Margaret Love practices law in Washington, D.C., specializing in executive clemency and restoration of rights, and sentencing and corrections policy. A prolific author, Ms. Love represents applicants for presidential pardon and commutation of sentence, and also advises individuals with state convictions who are seeking to avoid or mitigate collateral consequences. Recognized as a national expert on clemency and related issues, she serves as Executive Director of the Collateral Consequences Resource Center. She regularly consults with legislatures, clemency and parole authorities, governors’ offices, and other agencies and organizations on the development and operation of mechanisms for relief from the adverse effects of a criminal record.
Ms. Love is co-author of a treatise on the collateral consequences of criminal conviction (Love, Roberts & Klingele, Collateral Consequences of a Criminal Conviction: Law, Policy and Practice (NACDL/West 2013). She regularly updates summaries of the law and practice on what each U.S. jurisdiction provides by way of relief from collateral consequences and restoration of rights after conviction, and these are freely available to the public on the website of the Collateral Consequence Resource Center’s Restoration of Rights Project. From 2011 until 2013 she directed the NIJ-funded project to inventory the collateral consequences of conviction in each U.S. jurisdiction. She serves as a member of the NACDL Task Force on Restoration of Rights and Status, as liaison to the ABA Standards Committee from the National Legal Aid and Defender Association, and as an Adviser to the American Law Institute Model Penal Code/Sentencing project. She participated in the drafting of the Uniform Collateral Consequences of Conviction Act, and is currently on its enactment committee. She chaired the drafting committees for the ABA Criminal Justice Standards on the Treatment of Prisoners, and for the Standards on Collateral Sanctions and Discretionary Disqualification of Convicted Persons. From 2005 to 2009 she directed the work of the ABA Commission on Effective Criminal Sanctions, and in 2003-2005 was reporter for the ABA Justice Kennedy Commission.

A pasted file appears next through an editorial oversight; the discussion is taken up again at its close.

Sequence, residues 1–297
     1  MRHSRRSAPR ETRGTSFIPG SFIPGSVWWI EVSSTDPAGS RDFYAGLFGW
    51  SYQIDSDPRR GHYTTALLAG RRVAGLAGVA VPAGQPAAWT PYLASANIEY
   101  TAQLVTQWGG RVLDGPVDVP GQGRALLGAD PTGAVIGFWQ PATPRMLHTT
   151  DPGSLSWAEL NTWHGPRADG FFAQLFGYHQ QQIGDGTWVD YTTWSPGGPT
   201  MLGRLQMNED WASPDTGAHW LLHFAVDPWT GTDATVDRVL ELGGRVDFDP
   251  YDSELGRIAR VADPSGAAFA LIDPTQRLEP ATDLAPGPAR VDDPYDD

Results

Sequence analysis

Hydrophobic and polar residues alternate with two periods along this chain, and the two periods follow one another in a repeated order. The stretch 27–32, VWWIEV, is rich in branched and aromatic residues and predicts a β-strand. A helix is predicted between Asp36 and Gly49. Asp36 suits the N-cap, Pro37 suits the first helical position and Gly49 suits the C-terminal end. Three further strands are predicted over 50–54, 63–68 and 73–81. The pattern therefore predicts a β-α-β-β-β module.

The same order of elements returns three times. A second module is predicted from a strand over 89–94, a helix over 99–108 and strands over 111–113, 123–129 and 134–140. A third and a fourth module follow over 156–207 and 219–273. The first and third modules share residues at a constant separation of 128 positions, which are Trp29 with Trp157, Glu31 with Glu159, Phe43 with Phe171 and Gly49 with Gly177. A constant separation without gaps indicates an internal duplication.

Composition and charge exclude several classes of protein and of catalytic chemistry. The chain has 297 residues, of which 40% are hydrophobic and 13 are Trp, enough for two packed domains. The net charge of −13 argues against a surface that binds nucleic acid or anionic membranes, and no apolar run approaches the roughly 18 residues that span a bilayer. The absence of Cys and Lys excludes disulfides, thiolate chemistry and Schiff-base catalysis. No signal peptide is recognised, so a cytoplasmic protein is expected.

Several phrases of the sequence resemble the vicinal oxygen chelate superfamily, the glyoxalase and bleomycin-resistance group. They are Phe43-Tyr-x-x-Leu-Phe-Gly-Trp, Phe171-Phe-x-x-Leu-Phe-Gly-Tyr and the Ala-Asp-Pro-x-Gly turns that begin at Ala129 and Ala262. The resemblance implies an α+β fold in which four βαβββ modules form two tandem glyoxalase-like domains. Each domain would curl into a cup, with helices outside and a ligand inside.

Ms. Love served as United States Pardon Attorney in the Justice Department from 1990 to 1997, with overall responsibility for operation and management of Justice Department’s executive clemency program. Prior to that, she was Deputy Associate Attorney General and Associate Deputy Attorney General (1988-1990), and Senior Counsel in the Office of Legal Counsel (1979-1988).
Ms. Love was awarded a Soros Senior Fellowship in 2004-2005 to write her first book on collateral consequences. She is a former chair of the ABA Standing Committee on Ethics and Professional Responsibility, and member of the ABA Commission on Evaluation of the Rules of Professional Conduct (“Ethics 2000”).
Ms. Love received her law degree from Yale, and has a Master’s Degree in Medieval History from the University of Pennsylvania.
She is admitted to practice in the District of Columbia.
Ms. Love’s resume can be found here.